Talk:quintus

Definition from Wiktionary, the free dictionary
Jump to navigation Jump to search

RFV discussion: October 2016–October 2017[edit]

Keep tidy.svg

The following information has failed Wiktionary's verification process (permalink).

Failure to be verified may either mean that this information is fabricated, or is merely beyond our resources to confirm. We have archived here the disputed information, the verification discussion, and any documentation gathered so far, pending further evidence.
Do not re-add this information to the article without also submitting proof that it meets Wiktionary's criteria for inclusion.


RFV of the Latin sense:

which isn't listed by any of the usual authorities. — I.S.M.E.T.A. 13:41, 11 October 2016 (UTC)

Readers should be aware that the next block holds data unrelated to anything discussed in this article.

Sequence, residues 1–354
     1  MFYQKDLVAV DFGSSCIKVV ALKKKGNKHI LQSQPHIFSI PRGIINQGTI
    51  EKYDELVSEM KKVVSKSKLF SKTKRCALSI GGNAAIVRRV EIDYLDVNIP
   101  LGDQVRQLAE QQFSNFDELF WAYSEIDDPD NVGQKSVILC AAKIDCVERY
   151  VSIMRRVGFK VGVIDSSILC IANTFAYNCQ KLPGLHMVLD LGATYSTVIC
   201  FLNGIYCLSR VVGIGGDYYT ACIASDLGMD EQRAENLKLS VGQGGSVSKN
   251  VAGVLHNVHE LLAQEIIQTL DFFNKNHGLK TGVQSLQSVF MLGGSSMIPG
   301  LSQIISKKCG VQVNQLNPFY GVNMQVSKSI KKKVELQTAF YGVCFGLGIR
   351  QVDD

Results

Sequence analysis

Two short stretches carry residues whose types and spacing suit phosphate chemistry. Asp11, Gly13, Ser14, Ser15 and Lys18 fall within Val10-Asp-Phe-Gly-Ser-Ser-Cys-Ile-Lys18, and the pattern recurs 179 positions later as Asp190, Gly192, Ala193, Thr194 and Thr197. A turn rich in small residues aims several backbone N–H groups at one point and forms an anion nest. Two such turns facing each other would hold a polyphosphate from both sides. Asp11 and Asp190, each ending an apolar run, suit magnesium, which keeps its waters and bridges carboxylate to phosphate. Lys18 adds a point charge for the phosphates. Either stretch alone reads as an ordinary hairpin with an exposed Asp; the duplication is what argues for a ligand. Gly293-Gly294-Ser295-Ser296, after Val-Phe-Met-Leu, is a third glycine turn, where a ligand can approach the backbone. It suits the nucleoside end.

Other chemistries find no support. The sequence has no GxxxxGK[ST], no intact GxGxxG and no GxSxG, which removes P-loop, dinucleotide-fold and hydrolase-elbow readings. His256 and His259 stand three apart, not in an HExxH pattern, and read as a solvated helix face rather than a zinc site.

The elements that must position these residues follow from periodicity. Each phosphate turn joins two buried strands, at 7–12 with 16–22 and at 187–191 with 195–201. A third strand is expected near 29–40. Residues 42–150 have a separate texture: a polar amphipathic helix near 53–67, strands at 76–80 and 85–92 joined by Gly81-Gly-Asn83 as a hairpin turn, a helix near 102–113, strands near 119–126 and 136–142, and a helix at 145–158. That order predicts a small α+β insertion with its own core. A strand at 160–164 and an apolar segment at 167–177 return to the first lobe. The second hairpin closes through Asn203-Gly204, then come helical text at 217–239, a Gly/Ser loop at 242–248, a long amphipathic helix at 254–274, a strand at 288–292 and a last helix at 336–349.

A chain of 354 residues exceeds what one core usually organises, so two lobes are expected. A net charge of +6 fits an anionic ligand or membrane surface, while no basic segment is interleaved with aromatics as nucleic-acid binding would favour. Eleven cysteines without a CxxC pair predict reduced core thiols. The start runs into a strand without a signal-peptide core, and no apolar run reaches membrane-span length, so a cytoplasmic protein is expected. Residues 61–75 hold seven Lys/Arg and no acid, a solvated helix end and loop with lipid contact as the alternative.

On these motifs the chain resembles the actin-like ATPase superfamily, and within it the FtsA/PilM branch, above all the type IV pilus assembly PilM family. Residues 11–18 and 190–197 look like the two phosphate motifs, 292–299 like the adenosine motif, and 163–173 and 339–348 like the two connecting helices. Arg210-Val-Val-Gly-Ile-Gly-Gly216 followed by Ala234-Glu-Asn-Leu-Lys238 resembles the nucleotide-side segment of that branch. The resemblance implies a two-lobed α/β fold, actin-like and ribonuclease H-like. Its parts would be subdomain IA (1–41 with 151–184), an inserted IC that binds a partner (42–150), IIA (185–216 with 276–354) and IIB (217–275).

"the usual authorities" only cover old Latin.
Does the definition even make sense? cantus is the "principal voice". Can't the principal voice be a tenor, alto or bass? Wouldn't it be more likely to have numbered voices (first voice = principal voice = cantus, second voice, third voice, ...) which then could have any of the Stimmlagen or "musical parts or sections" (tenor, alto, bass, soprano)? German wikipedia should state that once the tenor was the principal voice and for those times, the above wiktionary definition doesn't seem to make sense. -84.161.13.81 02:06, 17 May 2017 (UTC)
RFV failed.__Gamren (talk) 07:29, 20 October 2017 (UTC)